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Rules of Practice and Procedure; Civil Money Penalty Inflation Adjustment

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Information about this document as published in the Federal Register.

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AGENCY:

Office of Federal Housing Enterprise Oversight, HUD.

ACTION:

Final rule.

SUMMARY:

The Office of Federal Housing Enterprise Oversight is issuing this final rule amending its rules of practice and procedure to adjust each civil money penalty within its jurisdiction to account for inflation, pursuant to the Federal Civil Penalties Inflation Adjustment Act of 1990, as amended by the Debt Collection Improvement Act of 1996.

DATES:

This rule is effective on August 30, 2005.

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FOR FURTHER INFORMATION CONTACT:

David W. Roderer, Deputy General Counsel, at (202) 414-3804; Charlotte A. Reid, Associate General Counsel, at (202) 414-3810; or Frank R. Wright, Senior Counsel, at (202) 414-6439 (not toll-free numbers); Office of Federal Housing Enterprise Oversight, Fourth Floor, 1700 G Street, NW., Washington, DC 20552. The telephone number for the Telecommunications Device for the Deaf is: (800) 877-8339 (TDD only).

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SUPPLEMENTARY INFORMATION

Background

The Office of Federal Housing Enterprise Oversight (OFHEO), an independent office within the Department of Housing and Urban Development (HUD), is the exclusive financial safety and soundness regulator of the Federal National Mortgage Association (Fannie Mae) and the Federal Home Loan Mortgage Corporation (Freddie Mac) (collectively, the Enterprises) under the Federal Housing Enterprises Financial Safety and Soundness Act of 1992 (Act), as amended.[1] The Enterprises are government-sponsored corporations chartered to provide liquidity to the residential mortgage market and to promote the availability of mortgage credit by investing in residential mortgages and guaranteeing securities backed by residential mortgages.[2] OFHEO oversees the Enterprises to ensure that they remain adequately capitalized and operate in a safe and sound manner and in accordance with applicable laws, rules and regulations. To that end OFHEO is vested with broad supervisory discretion and specific civil administrative enforcement powers, similar to such authority granted by Congress to the Federal bank regulatory agencies.[3] In particular, section 1376 of the Act (12 U.S.C. 4636) empowers OFHEO to impose civil money penalties under specific conditions. OFHEO's Rules of Practice and Procedure (12 CFR part 1780) govern cease and desist proceedings, civil money penalty assessment proceedings and other administrative adjudications.[4]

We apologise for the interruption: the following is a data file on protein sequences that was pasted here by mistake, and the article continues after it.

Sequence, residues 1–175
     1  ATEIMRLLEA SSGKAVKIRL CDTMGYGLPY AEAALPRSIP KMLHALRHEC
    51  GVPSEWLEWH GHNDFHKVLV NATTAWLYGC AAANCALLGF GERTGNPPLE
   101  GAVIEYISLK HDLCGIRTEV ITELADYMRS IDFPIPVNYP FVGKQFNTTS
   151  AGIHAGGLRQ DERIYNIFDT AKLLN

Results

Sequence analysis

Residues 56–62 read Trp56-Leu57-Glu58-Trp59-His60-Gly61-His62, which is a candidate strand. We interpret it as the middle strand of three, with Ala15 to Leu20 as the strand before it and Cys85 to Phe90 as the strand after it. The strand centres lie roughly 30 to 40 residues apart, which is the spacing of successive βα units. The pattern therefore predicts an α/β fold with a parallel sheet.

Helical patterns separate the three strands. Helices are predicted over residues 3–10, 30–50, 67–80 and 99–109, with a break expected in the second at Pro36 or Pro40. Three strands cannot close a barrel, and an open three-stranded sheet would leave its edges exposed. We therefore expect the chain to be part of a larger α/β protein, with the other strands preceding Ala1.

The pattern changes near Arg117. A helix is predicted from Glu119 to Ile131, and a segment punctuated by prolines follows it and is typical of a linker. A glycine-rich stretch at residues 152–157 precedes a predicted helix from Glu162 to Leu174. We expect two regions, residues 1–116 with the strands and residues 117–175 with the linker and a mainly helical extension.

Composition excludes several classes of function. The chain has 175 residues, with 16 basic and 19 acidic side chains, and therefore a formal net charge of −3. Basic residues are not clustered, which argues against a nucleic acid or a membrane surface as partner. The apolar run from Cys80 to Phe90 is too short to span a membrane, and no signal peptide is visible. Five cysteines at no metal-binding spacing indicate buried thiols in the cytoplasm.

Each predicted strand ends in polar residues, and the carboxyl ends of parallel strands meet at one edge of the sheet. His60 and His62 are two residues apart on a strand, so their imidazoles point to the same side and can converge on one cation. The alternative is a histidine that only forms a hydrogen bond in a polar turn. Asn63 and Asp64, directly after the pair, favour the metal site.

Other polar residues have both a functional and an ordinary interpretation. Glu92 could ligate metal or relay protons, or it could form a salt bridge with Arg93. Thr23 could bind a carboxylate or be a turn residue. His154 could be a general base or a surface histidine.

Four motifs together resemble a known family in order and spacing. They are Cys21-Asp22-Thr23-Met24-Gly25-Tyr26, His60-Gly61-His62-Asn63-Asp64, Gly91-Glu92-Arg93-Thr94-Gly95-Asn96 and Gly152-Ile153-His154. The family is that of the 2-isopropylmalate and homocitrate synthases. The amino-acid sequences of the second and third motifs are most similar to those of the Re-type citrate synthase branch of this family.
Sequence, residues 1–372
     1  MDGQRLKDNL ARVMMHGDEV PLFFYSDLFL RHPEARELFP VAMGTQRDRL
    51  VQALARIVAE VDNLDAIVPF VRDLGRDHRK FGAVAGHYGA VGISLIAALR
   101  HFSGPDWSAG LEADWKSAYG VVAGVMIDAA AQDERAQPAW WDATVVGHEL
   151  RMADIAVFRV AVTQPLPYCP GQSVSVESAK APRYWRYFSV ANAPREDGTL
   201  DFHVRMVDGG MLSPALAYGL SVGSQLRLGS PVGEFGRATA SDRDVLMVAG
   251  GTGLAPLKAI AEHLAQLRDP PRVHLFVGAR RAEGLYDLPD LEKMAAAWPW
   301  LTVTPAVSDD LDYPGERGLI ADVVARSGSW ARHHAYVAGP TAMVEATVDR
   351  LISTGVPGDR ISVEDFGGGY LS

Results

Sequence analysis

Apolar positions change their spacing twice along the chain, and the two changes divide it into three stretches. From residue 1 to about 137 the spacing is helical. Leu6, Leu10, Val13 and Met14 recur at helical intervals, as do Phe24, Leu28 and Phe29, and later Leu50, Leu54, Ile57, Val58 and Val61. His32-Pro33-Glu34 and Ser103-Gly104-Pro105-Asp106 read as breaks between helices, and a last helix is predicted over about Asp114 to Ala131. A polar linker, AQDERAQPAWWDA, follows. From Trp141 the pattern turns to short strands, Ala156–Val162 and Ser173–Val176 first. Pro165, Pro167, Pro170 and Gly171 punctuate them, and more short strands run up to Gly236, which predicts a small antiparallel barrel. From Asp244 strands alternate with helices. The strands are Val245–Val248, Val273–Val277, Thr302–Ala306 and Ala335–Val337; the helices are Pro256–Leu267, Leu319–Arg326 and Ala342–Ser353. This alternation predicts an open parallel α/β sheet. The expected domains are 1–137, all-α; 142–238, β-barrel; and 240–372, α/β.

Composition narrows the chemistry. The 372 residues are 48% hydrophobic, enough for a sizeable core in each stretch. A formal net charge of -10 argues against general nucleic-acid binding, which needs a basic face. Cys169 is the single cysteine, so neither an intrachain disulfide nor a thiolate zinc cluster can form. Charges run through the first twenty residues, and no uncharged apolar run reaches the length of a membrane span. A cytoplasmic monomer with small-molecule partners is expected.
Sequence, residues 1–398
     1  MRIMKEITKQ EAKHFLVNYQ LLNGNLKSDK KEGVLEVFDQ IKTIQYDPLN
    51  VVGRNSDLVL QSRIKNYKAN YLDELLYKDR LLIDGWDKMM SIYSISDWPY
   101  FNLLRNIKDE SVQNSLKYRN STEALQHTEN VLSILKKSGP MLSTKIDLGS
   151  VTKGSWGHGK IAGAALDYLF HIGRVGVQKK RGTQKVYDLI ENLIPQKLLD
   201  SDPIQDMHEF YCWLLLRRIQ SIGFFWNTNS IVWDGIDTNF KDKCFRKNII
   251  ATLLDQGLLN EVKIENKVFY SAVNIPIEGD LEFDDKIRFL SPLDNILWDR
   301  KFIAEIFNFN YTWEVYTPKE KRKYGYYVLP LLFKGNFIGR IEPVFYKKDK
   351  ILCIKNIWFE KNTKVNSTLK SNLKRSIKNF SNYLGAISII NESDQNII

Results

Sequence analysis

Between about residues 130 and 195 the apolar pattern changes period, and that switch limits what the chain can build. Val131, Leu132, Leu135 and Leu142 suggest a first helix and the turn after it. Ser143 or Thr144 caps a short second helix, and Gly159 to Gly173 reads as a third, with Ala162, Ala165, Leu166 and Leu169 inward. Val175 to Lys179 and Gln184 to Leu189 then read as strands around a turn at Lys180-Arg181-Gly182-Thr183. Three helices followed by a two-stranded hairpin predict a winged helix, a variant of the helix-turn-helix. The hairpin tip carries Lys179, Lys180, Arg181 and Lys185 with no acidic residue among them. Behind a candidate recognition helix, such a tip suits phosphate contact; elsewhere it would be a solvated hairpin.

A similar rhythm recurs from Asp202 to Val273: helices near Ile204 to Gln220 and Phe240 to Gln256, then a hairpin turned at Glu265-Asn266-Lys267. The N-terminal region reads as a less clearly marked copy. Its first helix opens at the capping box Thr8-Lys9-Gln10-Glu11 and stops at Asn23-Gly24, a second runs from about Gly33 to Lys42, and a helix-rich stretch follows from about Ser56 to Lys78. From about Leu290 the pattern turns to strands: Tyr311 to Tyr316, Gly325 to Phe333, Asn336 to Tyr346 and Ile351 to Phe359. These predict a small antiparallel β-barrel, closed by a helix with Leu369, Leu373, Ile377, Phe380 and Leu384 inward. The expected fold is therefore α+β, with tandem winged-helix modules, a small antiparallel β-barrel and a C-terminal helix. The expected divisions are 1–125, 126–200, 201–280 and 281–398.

The Inflation Adjustment Act